Sunday, 5 August 2012


“Time is a vindictive bandit to steal the beauty of our former selves. We are left with sagging, rippled flesh and burning gums with empty sockets.” – Raphael
Raphael (Raffaelo Sanzio da Urbino), one of the foremost Italian painters and architect of the Renaissance, was born April 6, 1483 in Urbino. This is a small, but significantly artistic town in the region of Marches in central Italy. He died April 6, 1520, in Rome, the Papal States. Together with Michelangelo and Leonardo da Vinci, he forms the great trio of High Renaissance masters. Raphael was particularly noted for the grace and beauty of his paintings, which became a model for high renaissance art.

Raphael’s father was a court painter and Raphael followed in his father’s footsteps, gaining a wide education in the arts, literature, and social skills. This enabled Raphael to move easily amongst the higher circles of court society, which helped his career in gaining commissions. As a member of Perugino’s workshop, he established his mastery by 17 years of age, and began receiving important commissions. In 1504 he moved to Florence, where he executed many of his famous Madonnas. His unity of composition and suppression of inessentials is evident in “The Madonna of the Goldfinch” of 1506.

Though influenced by Leonardo da Vinci’s chiaroscuro and sfumato technique, his figure types were his own creation, with round, gentle faces revealing human emotions, but which are raised to a sublime serenity and appear to exist on an otherworldly plane. In 1508 he was summoned to Rome to decorate a suite of papal chambers in the Vatican. The frescoes in the Stanza della Segnatura are probably his greatest work; the most famous, The School of Athens (1510-11), is a complex and magnificently ordered allegory of secular knowledge showing Greek philosophers in an architectural setting.

The Madonnas he painted in Rome show him turning away from his earlier works’ serenity to emphasise movement and grandeur, partly under Michelangelo’s High Renaissance influence. “The Sistine Madonna” (1513) shows the richness of colour and new boldness of compositional invention typical of his Roman period. He became the most important portraitist in Rome, designed 10 large tapestries to hang in the Sistine Chapel, designed a church and a chapel, assumed the direction of work on St. Peter’s Basilica at the death of Donato Bramante, and took charge of virtually all the papacy’s projects in architecture, painting, and the preservation of antiquities.

Raphael had one of the largest art schools in Rome, with over 50 students. It is said Raphael was not just a genius of art but also excellent at managing and inspiring his pupils, helping the school become a famous place of art. As well as a painter, Raphael was also a noted architect, draughtsman, and with Raimondi, a printmaker of his engravings. He died in April 6 1570, aged only 37. Yet, he left behind a considerable legacy and his work was celebrated even during his lifetime. His last masterpiece, the “Transfiguration” altarpiece, was placed at the head of his bier, and thousands of people attended his funeral.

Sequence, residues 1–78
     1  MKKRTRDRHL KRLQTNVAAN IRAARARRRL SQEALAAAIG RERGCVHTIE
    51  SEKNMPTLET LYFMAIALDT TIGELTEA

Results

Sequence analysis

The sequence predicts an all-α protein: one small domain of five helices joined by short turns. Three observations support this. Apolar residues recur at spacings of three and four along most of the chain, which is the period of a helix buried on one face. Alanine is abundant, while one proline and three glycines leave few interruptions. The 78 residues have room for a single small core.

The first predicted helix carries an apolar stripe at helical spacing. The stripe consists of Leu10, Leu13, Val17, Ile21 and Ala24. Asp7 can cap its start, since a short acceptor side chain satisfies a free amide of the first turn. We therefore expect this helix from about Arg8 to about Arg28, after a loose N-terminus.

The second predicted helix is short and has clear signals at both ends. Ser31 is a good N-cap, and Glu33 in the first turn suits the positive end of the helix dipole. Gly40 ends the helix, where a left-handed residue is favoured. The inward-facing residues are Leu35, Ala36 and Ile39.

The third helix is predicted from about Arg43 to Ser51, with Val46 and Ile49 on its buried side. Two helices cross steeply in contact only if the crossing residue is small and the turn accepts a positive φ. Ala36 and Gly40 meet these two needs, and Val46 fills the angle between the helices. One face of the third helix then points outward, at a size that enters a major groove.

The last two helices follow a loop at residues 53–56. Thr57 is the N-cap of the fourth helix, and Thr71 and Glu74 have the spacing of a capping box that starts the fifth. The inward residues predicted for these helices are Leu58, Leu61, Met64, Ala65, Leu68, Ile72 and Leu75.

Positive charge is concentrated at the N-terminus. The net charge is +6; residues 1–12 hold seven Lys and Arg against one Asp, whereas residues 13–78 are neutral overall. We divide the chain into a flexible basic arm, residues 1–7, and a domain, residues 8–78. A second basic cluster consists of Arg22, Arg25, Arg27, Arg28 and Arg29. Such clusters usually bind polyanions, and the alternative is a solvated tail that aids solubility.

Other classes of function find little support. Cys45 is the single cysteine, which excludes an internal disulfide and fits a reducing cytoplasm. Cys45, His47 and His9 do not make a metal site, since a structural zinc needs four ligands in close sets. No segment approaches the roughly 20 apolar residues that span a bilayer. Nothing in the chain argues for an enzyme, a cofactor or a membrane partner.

Anyone who has been to the Vatican can only marvel at the richness of the apartments and the wealth of significant artworks that one meets on every step. The Stanza della Segnatura is an amazing place and Raphael’s frescoes give the rooms a magnificence that is quite awe-inspiring. The “School of Athens” is on the right above and the fresco represents the degrees of knowledge or the truth acquired through reason. The fresco’s position as well as the philosophers’ walk in direction of the Holy Sacrament on the opposite wall suggested the interpretation of the whole room as the movement from the classical philosophy to the true religion and from the pre-Christian world to Christianity. It was meant to reside over the philosophical section of Pope Julius II’s library. It is perhaps Raphael’s most famous fresco. On the left side above, is “Mount Parnassus”, representing poetry. Ancient and Renaissance poets are centered around Apollo, who is seated in the centre, accompanied by the nine muses.

1 comment:

  1. He died in 1570, aged only 37, and we will never know what the world might have lost. Certainly he was productive in the years he DID have, but imagine how good a painter, teacher, curator and art advisor he might have been, had he lived till 67.

    I also feel that with geniuses tragically lost early, like Chopin or Vermeer.